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5 Scary Tax Characters to Watch Out For

ZombieHalloween is my favorite holiday, bar none. Once a year, we all have license to use our imagination and be someone or something else. And beyond the goblins, pumpkins, ghosts and black cats, there is the absurd amount of candy floating around the stores and office. 

The late Vincent Price, an actor who unquestionably had the best horror movie voice in the world, said, “It’s as much fun to scare as to be scared.” Vincent, wherever he is, may be pleased to know something can spook the unwary taxpayer in the same way his voice could invoke fear and trembling: tax creatures like the ones listed below. The good news is that you can avoid or at least minimize these horrors if you start thinking about these things now.

  • Count AMT (aka Line 45 on Form 1040) – Dracula could not have devised a better way to suck the money or refund out of your life than the alternative minimum tax. If your income reaches a certain amount, you must recalculate the tax you owe based on a higher income, one that does not have some of the deductions that helped to lower it. Devised as a tool to ensure that wealthy taxpayers could not use loopholes to avoid paying taxes entirely, the AMT now preys on taxpayers who are not so wealthy. The current AMT exemption is $59,900 for single taxpayers and $83,800 for joint filers. Talk to your CPA about ways to soften the impact and be aware that certain deductions act as triggers for the AMT.
  • Overstatement Ogre – are you truly a real estate professional? If not, best not to go overboard in claiming your rental income losses.  When the head of the IRS Office of Preparer Responsibility is warning tax professionals to ask questions about this, that’s a good sign to be cautious.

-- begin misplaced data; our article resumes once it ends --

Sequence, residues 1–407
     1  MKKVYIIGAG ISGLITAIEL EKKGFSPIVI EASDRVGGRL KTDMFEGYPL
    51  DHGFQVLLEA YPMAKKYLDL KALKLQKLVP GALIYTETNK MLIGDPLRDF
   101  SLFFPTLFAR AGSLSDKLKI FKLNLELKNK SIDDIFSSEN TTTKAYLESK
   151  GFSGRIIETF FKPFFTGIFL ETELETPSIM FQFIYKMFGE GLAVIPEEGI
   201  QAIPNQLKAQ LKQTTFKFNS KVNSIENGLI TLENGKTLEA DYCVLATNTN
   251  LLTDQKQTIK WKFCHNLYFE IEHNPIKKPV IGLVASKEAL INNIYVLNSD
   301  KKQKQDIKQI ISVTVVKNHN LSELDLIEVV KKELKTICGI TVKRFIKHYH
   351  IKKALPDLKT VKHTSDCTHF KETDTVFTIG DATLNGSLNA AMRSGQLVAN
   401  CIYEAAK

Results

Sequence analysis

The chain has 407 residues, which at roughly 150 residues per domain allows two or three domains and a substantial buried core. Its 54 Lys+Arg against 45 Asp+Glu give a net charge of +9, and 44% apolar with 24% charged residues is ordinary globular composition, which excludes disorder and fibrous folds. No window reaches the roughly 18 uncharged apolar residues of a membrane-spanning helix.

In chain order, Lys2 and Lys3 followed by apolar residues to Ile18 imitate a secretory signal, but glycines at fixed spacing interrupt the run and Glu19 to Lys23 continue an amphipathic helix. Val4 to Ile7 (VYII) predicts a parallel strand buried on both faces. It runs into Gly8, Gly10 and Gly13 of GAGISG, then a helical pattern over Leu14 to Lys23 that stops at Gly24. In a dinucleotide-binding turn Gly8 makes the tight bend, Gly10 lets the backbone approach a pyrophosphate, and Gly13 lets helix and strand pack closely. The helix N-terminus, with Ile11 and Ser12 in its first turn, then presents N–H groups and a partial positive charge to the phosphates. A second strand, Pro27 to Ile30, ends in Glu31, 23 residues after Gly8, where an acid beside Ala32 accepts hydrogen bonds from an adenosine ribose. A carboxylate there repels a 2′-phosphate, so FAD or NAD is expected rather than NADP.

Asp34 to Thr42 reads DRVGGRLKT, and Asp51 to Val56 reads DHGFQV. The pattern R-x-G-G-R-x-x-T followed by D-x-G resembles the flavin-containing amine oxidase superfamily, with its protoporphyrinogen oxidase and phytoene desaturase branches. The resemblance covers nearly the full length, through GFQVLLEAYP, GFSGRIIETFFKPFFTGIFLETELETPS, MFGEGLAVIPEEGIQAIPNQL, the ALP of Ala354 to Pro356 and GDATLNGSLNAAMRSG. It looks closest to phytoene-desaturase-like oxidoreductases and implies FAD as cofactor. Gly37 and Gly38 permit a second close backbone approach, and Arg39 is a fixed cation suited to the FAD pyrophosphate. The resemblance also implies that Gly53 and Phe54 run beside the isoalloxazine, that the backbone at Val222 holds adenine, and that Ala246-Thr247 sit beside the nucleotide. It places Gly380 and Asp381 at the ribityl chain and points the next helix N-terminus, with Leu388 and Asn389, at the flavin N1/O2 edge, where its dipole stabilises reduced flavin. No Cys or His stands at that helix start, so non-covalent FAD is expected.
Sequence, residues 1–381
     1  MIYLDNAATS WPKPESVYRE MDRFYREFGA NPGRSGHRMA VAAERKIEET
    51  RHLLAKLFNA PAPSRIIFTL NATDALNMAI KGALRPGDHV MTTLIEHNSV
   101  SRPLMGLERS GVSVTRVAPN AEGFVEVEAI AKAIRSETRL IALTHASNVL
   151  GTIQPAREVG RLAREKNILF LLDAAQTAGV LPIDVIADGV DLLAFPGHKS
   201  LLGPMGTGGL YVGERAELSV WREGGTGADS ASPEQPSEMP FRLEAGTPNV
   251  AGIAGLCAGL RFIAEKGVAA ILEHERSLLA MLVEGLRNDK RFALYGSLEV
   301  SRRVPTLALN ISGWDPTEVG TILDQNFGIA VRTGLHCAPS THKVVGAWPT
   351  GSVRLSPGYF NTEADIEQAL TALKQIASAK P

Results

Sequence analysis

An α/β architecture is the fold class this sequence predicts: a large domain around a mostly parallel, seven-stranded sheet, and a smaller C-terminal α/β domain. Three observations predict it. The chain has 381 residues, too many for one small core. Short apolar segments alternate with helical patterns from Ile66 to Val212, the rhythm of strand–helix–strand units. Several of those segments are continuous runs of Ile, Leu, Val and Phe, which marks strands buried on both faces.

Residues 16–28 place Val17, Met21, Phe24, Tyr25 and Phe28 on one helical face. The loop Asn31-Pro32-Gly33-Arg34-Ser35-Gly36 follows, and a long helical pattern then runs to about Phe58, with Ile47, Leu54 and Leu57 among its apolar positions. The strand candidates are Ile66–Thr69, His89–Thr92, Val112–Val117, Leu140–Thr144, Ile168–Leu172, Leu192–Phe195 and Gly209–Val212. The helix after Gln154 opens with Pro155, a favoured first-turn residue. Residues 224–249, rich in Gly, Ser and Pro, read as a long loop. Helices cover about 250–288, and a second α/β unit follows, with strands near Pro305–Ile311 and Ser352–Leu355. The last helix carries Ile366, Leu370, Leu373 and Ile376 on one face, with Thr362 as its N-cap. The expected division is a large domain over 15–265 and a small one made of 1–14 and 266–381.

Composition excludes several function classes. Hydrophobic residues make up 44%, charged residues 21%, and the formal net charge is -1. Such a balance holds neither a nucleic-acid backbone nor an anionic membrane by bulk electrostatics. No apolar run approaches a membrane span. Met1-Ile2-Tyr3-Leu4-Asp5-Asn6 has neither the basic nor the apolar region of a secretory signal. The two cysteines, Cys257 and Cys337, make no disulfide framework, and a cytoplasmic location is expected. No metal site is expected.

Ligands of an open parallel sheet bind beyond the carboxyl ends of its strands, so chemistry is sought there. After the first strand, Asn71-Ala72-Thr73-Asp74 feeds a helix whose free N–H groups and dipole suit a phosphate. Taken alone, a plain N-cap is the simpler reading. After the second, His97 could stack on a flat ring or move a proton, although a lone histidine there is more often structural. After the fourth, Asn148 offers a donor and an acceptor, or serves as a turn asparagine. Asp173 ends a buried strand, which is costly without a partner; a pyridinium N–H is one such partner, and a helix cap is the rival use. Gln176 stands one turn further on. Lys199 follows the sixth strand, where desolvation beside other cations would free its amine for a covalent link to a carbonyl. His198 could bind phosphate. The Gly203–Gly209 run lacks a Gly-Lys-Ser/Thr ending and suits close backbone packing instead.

To get around the passive loss rules that prohibit the immediate write-off of rental real estate losses, some taxpayers have been pushing the limits in saying they “materially participate” in the property rental; only those who spend more than 50% of their working hours and 750 or more hours each year can meet that bar. If you can honestly say you “actively participate” in the rental, you can deduct up to $25,000 of loss if your income is under $100,000. (You can still claim the losses when you sell the related property.)

  • Taxable Income Troll – The smaller the amount on your W-2 or 1099, the less you will owe in April (generally). Sounds simple, right? Well, some of it is. Bumping up your retirement plan contributions, taking larger deductions out of your pay for a flexible spending account or exercising stock options can all help to lower your income in a way that directly enriches you. Start taking action now and you can take that troll down!
  • The Creatures from Schedule C – The IRS pays close attention to small business returns, in particular, they scrutinize things like vehicle, entertainment and business meal expenses and home office deductions. When it comes to justifying these items, proper documentation is critical. In particular, the IRS wants to see contemporaneous documents, i.e., receipts or other records that were produced at the time you incurred the expense. If cash tips play a large role in your profession (hair stylist, cab driver, etc..), that can also trigger an audit.
  • Ghosts of Returns Past – Sometimes our mistakes (or others’), no matter how small, can come back to haunt us. I remember the shock of receiving a letter from a state comptroller’s office about a return filed years earlier – they had the wrong address so it took quite a while to arrive. Did I still have the related information? No, that would have made it too easy. Fortunately, my brother put me in touch with a great CPA who helped me resolve it.

While state rules vary, for federal returns, the IRS typically goes back 3 years in auditing returns (6 years for suspected large underpayments); there is no statute of limitations for a return that was never filed. And if you are feeling queasy about a previous return, perhaps you forgot you had a foreign asset that should be reported, be upfront with your CPA. Like your doctor, he or she is not there to judge and sharing information makes it easier for them to help you.

Tax is not most people’s favorite subject but it is an important one to think about now - waiting until the month before your return is due will be too late to ward off some of those characters!  The AICPA’s consumer tax website – 360Degrees of Financial Literacy – has resources such as calculators and FAQs to get you started. And if you are looking to hire a tax preparer, this short video offers tips on what to look for. 

Ann Marie Maloney, Communications Manager-Tax, American Institute of CPAs.

Zombie courtesy of Shutterstock.

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